[press release] There’s a Growing Health Gap Between Rich and Poor Teens
“Between 2002 and 2010, both improvements in health (ie, increased physical activity and life satisfaction) and declines in health (increased body mass and physical symptoms) in young people were recorded. At the same time, the difference in health between the least and the most well-off became larger.”
Over the past decade, rising national wealth across high-income countries has contributed to some improvements in health and well-being among adolescents. But the gap in health between rich and poor has widened, an international study of nearly half a million adolescents from 34 countries  across Europe and North America has found.
The findings, published in The Lancet, reveal that socioeconomic differences across multiple areas of adolescent mental and physical health increased between 2002 and 2010, with young people from the poorest socioeconomic groups more likely to be in worse health: being less physically active, with larger body mass index (BMI), and reporting more physical and psychological symptoms (such as irritability or headaches).
“A strong international focus on reducing child poverty and mortality in children under 5 years has not been matched by a similar response in older age groups, resulting in widening socioeconomic inequalities in adolescent health,”  explains Frank Elgar, lead author and a psychiatry Professor at McGill University in Quebec, Canada.
“If health inequalities are now widening in such abundantly rich countries, particularly during the so-called ‘healthy years’ of adolescence, then these trends are especially alarming for future population health.” 
The aim of the study was to measure socioeconomic-related inequalities in five areas of adolescent health (physical activity, body mass index, psychological symptoms [irritability, feeling low, feeling nervous, and difficulty sleeping] and physical symptoms [headache, stomach ache, backache, and feeling dizzy, and life satisfaction]), and to track their changes between 2002 and 2010.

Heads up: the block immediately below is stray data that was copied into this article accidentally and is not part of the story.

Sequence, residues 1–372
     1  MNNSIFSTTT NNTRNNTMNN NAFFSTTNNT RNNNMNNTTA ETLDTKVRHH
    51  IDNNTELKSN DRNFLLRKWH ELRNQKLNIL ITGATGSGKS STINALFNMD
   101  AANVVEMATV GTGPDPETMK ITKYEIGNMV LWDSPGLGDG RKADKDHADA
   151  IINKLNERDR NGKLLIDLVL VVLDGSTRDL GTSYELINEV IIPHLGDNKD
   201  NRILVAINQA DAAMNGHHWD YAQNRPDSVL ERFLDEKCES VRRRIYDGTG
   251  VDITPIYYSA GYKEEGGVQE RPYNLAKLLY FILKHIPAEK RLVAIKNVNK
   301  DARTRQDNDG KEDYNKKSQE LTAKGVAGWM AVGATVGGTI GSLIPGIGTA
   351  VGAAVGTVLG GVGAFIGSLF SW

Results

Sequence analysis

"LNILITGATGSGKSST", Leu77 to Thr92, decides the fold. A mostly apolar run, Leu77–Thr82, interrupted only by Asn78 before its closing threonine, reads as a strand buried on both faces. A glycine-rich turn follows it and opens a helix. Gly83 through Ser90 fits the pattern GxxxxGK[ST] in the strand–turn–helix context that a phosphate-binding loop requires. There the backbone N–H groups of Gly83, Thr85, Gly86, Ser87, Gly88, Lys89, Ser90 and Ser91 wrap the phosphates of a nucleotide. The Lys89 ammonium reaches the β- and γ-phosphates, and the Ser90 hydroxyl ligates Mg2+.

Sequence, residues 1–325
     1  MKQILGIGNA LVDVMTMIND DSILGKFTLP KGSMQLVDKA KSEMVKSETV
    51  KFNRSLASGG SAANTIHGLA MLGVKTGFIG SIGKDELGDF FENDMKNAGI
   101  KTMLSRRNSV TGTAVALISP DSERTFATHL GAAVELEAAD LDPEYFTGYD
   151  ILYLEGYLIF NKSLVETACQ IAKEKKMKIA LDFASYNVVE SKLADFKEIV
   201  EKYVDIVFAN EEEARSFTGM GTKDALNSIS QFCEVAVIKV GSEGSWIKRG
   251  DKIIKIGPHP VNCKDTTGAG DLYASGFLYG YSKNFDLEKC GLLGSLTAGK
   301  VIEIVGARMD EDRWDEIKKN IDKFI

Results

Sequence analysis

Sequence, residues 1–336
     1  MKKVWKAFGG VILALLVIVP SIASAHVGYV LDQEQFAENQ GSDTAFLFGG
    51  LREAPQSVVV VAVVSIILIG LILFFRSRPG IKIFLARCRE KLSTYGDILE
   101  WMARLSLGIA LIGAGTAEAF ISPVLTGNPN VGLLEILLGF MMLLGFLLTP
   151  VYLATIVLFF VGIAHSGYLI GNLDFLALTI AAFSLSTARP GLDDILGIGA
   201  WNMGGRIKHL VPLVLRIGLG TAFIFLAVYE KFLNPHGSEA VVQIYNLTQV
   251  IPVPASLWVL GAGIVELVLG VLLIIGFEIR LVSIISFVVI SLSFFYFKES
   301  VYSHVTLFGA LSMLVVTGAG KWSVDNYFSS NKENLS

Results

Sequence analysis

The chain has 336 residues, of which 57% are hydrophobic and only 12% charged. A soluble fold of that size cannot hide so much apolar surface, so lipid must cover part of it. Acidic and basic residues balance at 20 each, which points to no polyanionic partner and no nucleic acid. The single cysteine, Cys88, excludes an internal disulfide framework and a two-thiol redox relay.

The researchers analysed nationally representative data from almost 500000 young people across Europe and North America who participated in the WHO Health Behaviour in School-aged Children study. The adolescents (age 11 to 15) were surveyed in 2002, 2006, and 2010. Socioeconomic status was based on material assets and common indicators of wealth such a owning a car. The researchers also examined whether differences in health and health inequalities between socioeconomic groups related to national wealth and income inequality.
Between 2002 and 2010, both improvements in health (ie, increased physical activity and life satisfaction) and declines in health (increased body mass and physical symptoms) in young people were recorded. At the same time, the difference in health between the least and the most well-off became larger. For example, the difference in amount of physical activity between the least and most affluent groups increased from 0.79 days to 0.83 days per week. Increasing differences were also found for body mass index (0.15 to 0.18), psychological symptoms (0.58 to 0.67), and physical symptoms (0.21 to 0.26). Only in life satisfaction did inequality decline, from a 0.98 point difference in 2002 to a 0.95 point difference in 2010 (see figure 1 page 3 and table 4 page 5).
The research also showed that adolescents living in countries with greater income inequality were less physically active had larger body mass index, lower life satisfaction, and reported more psychological and physical symptoms. Young people in these countries also had larger health inequalities between socioeconomic groups in psychological and physical symptoms and life satisfaction.
According to Professor Elgar, “The many health and social problems that relate to income inequality and the current global trends in rising income inequality all lead to a grim prediction about future population health. Urgent action is needed to tackle inequities in health in adolescence.”
Writing in a linked Comment, John Santelli, Wendy Baldwin, and Jennifer Heitel from Columbia University Mailman School of Public Health, New York, USA point out, “Investment in youth now could pay huge dividends in health outcomes and reduce health disparities in later years…Although some interventions should always support individual behaviour change, Elgar and colleagues remind us of the importance of social context. To improve health and reduce health disparities across the lifespan, a focus should be on social factors that affect the health and wellbeing of young people .”
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